Here is Kate's piece in full:
Curbside recycling is just like the smoking bylaw all over again. Everyone else has already done it, we know it's the right thing and we want to do it, but we're nervous. Maybe not yet, and maybe we should change the rules several times for no overall gain.
On the main principles, the vast majority agrees: banning smoking is good for our health; recycling is good for the environment.
On the smoking bylaw, council responded to the fears of a few people by delaying (and delaying, and delaying) the implementation as if that would somehow soften the imaginary blow to businesses.
Now that the ban is in place, the sky has not fallen, bars are busier than ever, and everyone agrees it was the right thing to do.
Now curbside recycling is also facing a debate on timing, and discussion on funding muddies the whole scheme.
In the early 1990s, Calgary chose community recycling depots (CRD) as a more complete and cost-effective solution over curbside recycling. CRD works very well when people use it. It has a lower environmental impact, since there are no special vehicle trips -- people tend to drop off the recyclables when they are going to the store anyway.
Compostables are conveniently contained in people's very own backyard composter. No extra emissions from curbside pickup and no need to fund a regional composting facility.
Unfortunately, people don't use it. After 15 years of the CRD system, Calgary's waste diversion rate is only 15 per cent. If you compare that with Edmonton's rate of 60 per cent, a curbside system starts to look worthwhile.
Since Edmonton began curbside recycling in 1988, Calgary has done little except demonstrate that Calgarians are too busy to bother participating in the depot system.
So, all in favour, but how do we fund it? Strangely, user fees are proposed. Public outcry about the cost of the program ensues. Council responds by reducing the recycling services offered in the program. This isn't what we want.
Calgary wants the full program at a reasonable cost. The original proposal before council was a monthly user fee of $21 or $252 per household per year.
Compare that with the average cost per single family dwelling in Edmonton of $180. Council should be asking why the program would cost 40 per cent more in Calgary. How do private companies do the job for less right now? Why isn't council addressing these questions instead of blindly accepting the cost estimates of administration?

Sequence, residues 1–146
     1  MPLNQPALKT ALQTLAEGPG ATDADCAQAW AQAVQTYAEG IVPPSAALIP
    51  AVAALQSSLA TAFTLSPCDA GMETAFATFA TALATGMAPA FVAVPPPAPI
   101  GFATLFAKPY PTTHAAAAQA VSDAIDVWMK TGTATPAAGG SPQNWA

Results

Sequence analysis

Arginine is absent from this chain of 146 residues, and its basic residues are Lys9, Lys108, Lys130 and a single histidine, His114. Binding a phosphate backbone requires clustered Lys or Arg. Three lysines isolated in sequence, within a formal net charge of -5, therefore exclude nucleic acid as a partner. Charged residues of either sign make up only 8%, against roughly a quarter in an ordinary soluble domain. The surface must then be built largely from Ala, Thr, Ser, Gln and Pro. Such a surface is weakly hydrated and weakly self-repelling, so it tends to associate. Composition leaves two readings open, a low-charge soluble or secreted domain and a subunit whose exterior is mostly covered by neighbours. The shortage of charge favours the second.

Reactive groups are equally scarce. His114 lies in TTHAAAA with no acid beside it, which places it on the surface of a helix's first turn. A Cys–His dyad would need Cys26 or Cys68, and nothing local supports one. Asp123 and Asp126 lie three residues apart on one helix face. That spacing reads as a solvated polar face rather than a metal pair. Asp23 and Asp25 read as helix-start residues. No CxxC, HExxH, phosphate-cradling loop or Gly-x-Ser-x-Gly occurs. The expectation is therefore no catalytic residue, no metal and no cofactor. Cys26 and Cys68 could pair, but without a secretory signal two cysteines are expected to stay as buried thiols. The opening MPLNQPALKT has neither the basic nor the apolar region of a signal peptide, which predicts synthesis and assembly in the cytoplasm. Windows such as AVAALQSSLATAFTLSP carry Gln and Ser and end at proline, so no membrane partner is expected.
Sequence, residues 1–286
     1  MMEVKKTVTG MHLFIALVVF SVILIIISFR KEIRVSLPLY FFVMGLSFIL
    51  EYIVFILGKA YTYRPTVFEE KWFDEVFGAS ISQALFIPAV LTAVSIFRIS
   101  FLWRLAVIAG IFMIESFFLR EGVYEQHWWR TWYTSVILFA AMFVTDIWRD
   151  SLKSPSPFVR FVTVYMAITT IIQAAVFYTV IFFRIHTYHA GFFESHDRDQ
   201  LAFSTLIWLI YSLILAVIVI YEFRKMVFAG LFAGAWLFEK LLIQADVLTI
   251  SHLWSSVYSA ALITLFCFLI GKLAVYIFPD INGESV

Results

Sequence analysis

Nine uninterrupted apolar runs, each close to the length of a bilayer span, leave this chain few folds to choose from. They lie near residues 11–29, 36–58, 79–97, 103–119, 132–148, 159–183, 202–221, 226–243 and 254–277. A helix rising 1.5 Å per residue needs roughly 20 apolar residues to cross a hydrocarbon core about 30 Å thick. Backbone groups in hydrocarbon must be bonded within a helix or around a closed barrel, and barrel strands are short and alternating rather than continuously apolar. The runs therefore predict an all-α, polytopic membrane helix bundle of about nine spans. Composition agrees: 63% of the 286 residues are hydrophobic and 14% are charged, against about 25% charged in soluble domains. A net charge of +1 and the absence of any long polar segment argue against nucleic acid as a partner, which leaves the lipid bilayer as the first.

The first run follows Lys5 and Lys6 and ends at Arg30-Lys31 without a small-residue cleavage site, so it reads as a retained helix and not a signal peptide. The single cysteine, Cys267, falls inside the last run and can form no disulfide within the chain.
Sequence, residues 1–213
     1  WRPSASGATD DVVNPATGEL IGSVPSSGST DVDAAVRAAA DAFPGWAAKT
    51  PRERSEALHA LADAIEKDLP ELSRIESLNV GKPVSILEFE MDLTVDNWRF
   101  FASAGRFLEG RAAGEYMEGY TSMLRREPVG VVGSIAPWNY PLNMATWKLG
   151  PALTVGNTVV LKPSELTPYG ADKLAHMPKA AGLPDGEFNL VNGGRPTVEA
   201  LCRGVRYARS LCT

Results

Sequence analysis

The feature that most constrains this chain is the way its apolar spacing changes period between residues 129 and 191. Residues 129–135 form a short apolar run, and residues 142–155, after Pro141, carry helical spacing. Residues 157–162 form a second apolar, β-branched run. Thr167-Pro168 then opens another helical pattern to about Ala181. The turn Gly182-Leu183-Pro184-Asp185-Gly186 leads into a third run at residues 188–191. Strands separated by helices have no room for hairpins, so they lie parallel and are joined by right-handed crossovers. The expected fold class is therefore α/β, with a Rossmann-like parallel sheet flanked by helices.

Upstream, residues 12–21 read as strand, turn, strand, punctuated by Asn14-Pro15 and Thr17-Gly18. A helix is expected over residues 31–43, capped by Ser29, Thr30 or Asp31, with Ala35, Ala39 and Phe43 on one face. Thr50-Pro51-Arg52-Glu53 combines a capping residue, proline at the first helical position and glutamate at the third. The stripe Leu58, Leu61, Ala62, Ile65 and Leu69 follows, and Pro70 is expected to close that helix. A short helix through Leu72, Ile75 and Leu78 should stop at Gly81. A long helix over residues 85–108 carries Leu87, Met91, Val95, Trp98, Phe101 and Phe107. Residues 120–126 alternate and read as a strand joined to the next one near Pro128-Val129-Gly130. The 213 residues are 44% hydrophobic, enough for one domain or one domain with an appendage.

Instead of looking into the program costs, they redistribute them by proposing to fund garbage collection from property taxes and cutting back the recycling program by excluding organics. The actual cost of the program remains unchanged.
Then there's the spurious argument for user fees. Such fees are useful in two situations: either when not everyone receives a service, or to financially motivate a decrease in use.
For example, swimming pool fees mean those who don't swim don't pay as much as those who do, and metering water results in reduced consumption.
Neither reason applies to curbside recycling. Everyone needs waste and recycling services and get it regardless of how much they throw out or recycle. Keep the optical politics out of the real issue by funding the program through property taxes.
Other funding also needs to be investigated. Is the city eligible for funding under Alberta Environment's Resource Recovery Grant Program or Waste Management Assistance Program? Are public-private partnerships an effective way to reduce program costs? Should we implement bag fees for garbage and tax the behaviour we actually want to reduce?
It's time to remind our aldermen that their job is to find out what Calgarians want and ensure cost-effective implementation.
Calgary wants curbside recycling. Council needs to lead city employees to find innovative ways to reduce costs to the taxpayer.
Kate Easton takes her recyclables to the depot on her bike and returns home with a pannier full of groceries. Even other Better Calgary Campaign volunteers think she's a bit crazy. More info at www.bettercalgary.ca